There were 25 members of the Wolf Pack Snowmobile Club gathered at the clubhouse prior to spending an entire day of Saturday, Oct. 7, clearing four different portions of trail that cover roughly 60 miles around the Wolf Lake area.

By Robert Williams


There are more than 200,000 snowmobiles registered in Minnesota and 22,000 miles of groomed snowmobile trails. The vast majority of those trails are maintained by volunteers across the state, including four stretches of trails spanning 60 miles that are cared for by the Wolf Pack Snowmobile Club.

Wolf Pack Snowmobile Club president Tyson Aho takes down the first of many downed trees Saturday, Oct. 7, as the club cleared 60 miles of trails for the upcoming sledding season.

The club has groomed the trails since its inception decades ago. Trail maintenance is a top priority for the club. These trails get no county support as they are located either on state land through the Smokey Hills or across private property.

This year, the club got a bit of a reprieve after last year’s tornadoes that whipped through the area left far more devastation in the woods than a normal summer. Regardless, it is a strenuous task for the 25 members that showed up for the annual trail clearing on Saturday, Oct. 7. Many of those members have been in the club for decades as a family. The biggest need they have is more members, especially from younger generations.

“We need people; we encourage membership,” member Harvey Ness said. 

Wolf Pack Snowmobile Club president Tyson Aho reiterated the missing demographic in the club’s membership.

“You can see who is here, the age group,” Aho said. “It’s tough. That’s where we’re struggling, finding younger people that want to do it. The ones we have in it, they have family members who have been doing it for 40 years.”

According to the Minnesota United Snowmobilers Association, maintenance of approximately 97 percent of trails in the state are the responsibility of MnUSA, snowmobile clubs and volunteers. MnUSA is the statewide organization that supports the clubs and volunteers as the voice at the legislature, promoting positive legislation to protect, enhance and fund the trail system. MnUSA depends upon membership dues to fund these activities.

A shared love for sleds makes membership more than just clearing trails.

“Just the camaraderie of the people; the atmosphere is always nice out here,” said Aho. “We all get along.”

Wolf Pack club members each bring a dish and the club provides steaks for a filling meal after a long day of trail clearing. It is one of the numerous get-togethers that go along with membership.

The club sponsors a summer bean bag tournament during Harvest Festival. While the club could use the funds, they return all the proceeds to participants during the tournament. Each year, the club has an annual trail ride.

Last year’s annual ride was from Wolf Lake to Northern Lights Casino in Walker with a weekend of snowmobiling around the Walker area planned.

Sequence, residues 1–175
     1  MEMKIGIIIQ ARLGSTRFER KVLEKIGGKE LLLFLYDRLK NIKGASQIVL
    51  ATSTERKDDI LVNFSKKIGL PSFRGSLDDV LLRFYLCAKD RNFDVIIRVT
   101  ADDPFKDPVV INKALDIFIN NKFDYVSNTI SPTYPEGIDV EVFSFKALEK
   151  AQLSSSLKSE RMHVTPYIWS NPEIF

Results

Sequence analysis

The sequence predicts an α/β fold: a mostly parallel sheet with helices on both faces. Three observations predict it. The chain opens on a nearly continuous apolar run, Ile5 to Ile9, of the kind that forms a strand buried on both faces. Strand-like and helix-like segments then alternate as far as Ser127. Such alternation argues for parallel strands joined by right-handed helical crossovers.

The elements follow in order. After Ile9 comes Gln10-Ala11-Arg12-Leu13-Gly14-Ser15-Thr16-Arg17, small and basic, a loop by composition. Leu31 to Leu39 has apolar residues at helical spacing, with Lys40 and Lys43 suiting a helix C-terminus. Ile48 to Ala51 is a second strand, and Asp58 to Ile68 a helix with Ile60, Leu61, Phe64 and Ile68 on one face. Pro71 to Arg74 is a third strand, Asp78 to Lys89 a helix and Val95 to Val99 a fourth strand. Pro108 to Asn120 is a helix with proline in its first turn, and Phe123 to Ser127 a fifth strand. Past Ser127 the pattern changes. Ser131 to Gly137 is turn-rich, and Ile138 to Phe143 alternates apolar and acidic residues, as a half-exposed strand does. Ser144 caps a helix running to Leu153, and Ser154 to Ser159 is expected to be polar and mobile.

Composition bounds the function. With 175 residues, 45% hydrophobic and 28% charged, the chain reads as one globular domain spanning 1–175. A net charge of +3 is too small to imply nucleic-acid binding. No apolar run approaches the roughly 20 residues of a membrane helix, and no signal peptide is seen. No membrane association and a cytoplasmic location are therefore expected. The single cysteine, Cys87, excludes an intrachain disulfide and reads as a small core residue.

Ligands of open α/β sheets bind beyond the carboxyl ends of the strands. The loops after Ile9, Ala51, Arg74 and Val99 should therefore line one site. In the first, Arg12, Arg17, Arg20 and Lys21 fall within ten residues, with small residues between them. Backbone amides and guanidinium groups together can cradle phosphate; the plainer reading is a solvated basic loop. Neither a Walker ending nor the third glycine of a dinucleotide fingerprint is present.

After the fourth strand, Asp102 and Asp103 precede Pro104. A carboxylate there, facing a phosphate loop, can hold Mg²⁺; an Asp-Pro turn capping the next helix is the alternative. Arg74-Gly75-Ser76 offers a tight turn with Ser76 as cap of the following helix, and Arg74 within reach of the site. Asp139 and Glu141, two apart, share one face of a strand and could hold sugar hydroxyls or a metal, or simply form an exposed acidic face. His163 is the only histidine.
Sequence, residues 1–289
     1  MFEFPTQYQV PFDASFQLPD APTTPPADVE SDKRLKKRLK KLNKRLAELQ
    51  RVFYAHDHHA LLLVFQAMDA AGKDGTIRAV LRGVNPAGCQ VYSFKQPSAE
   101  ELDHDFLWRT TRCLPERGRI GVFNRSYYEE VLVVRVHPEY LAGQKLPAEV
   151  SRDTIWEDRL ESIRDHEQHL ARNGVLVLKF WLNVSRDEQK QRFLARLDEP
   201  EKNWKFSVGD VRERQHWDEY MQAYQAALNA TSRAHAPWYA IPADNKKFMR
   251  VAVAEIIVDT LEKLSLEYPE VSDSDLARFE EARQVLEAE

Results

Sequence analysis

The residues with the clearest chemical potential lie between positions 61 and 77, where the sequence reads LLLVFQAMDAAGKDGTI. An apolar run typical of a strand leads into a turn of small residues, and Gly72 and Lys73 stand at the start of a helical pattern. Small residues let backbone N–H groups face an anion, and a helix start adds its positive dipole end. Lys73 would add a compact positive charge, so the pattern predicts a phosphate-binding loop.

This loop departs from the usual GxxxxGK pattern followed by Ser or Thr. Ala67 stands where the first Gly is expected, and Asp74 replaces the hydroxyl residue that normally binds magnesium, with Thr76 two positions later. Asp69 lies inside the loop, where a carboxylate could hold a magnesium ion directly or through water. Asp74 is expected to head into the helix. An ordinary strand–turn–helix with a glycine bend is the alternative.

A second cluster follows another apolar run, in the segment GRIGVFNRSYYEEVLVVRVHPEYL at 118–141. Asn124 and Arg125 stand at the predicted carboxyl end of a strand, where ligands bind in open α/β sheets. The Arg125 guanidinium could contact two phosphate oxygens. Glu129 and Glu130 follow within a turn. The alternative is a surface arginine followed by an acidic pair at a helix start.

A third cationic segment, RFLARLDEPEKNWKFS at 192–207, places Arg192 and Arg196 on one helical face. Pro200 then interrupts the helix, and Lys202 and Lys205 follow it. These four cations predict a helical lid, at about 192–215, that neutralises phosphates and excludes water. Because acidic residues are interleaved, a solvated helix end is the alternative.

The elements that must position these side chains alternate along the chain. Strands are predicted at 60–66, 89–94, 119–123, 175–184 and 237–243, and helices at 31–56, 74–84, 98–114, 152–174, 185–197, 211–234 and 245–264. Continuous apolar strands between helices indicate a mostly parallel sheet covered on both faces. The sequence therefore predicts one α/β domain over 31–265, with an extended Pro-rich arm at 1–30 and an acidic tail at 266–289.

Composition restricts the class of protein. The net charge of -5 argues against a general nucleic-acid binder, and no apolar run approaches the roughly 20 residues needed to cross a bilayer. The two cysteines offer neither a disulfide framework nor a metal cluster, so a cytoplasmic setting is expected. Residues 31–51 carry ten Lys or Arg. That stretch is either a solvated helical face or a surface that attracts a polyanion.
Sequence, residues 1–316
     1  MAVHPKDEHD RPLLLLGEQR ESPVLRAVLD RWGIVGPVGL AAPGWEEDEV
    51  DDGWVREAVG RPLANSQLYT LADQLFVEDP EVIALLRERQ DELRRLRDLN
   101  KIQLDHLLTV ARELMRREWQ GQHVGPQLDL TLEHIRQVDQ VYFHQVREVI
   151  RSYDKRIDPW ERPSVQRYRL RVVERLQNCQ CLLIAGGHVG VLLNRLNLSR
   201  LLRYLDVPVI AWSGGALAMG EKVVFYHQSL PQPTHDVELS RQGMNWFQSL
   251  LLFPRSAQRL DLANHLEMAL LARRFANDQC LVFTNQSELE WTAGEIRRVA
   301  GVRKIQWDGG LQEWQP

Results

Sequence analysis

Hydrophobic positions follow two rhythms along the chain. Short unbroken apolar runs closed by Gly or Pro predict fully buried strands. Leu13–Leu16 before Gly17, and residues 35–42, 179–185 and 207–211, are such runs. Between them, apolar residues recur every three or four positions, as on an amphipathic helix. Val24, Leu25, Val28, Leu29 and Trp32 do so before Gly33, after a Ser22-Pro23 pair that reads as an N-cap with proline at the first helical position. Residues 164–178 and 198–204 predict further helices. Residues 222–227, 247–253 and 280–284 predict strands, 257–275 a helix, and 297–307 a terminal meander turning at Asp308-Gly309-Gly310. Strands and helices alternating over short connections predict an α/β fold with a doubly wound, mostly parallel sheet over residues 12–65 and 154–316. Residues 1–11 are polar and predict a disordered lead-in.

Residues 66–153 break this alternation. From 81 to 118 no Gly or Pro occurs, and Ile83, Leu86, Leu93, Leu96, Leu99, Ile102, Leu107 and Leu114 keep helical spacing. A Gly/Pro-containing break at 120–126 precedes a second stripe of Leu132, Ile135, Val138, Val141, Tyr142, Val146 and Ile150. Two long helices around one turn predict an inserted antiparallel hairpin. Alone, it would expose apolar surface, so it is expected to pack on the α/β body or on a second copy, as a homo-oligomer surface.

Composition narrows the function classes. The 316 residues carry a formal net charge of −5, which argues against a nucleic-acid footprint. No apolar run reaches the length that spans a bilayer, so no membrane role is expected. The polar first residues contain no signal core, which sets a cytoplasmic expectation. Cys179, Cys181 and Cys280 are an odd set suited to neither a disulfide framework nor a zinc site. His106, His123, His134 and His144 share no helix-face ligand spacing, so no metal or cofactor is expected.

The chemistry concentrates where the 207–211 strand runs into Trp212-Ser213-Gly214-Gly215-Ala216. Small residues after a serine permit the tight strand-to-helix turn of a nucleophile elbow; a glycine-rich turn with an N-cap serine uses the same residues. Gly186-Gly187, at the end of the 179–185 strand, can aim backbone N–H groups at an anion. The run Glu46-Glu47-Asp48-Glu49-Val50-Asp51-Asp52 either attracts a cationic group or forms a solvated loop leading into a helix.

“Getting to go on club rides like this is a bonus for everybody who works throughout the year,” said member Randy Torma prior to last February’s ride.

The club also has offseason rides and campouts planned for the summer months.

Beside membership dues, the club relies heavily on raffle sales each year. The 2023-24 raffle tickets are available until January. 

The grand prize is a 2023 Polaris Ranger SP570 from Up North Power and Sports of Park Rapids. The next five prizes are gun packages sponsored by Johnson Performance of Frazee, highlighted by a Mossberg Patriot Super Bantam 6.5 Creedmoor for second place. Cash prizes from $100-$500 are also available with only 7,500 raffle tickets available.

The drawing will be held January 20 at 1:30 p.m., at the Wolf Lake Lions Community Hall.

The raffle is essential to in-season grooming. The club used a state grant to purchase a groomer from the Two Inlets Forest Riders Snowmobile Club and the raffle provides the needed funds for operation and maintenance.

“We need it because maintenance costs on the groomer add up fast; last year we were over 7-grand in repairs,” said Aho. “It doesn’t take long and it adds up.”

Many riders think the Department of Natural Resources has a big hand in trail maintenance. The DNR does provide some grant funding, but constructs, grooms and maintains only 740 miles of the 22,000 mile snowmobile trail system in Minnesota.

Other funding comes from snowmobile registration, snowmobile trail pass stickers and 1 percent of unrefunded gas tax which represents the tax paid on gas purchased by snowmobilers for non-highway use. This money is deposited in a dedicated snowmobile account to pay for snowmobile trails, enforcement and DNR administration.

Currently approximately $14.6 million is appropriated annually from the snowmobile account for the development, maintenance and operation of the state snowmobile system. $8.4 million is used to run the grant programs to the clubs. An additional $6.2 million is appropriated to the DNR for enforcement, state trails and management of the snowmobile account.

The grants to the clubs provide reimbursement for a portion of their operating costs. The grants are paid on a per mile basis to the clubs based on the area of the state where the trails are located. The clubs provide the volunteer labor necessary to do the maintenance on the trails.

Each year, the area snowmobile clubs are in dire need of people as much as funding.

For more information on the Wolf Pack Snowmobile Club, raffle tickets, and membership visit the Wolf Pack Snowmobile Club on Facebook or email

For statewide information visit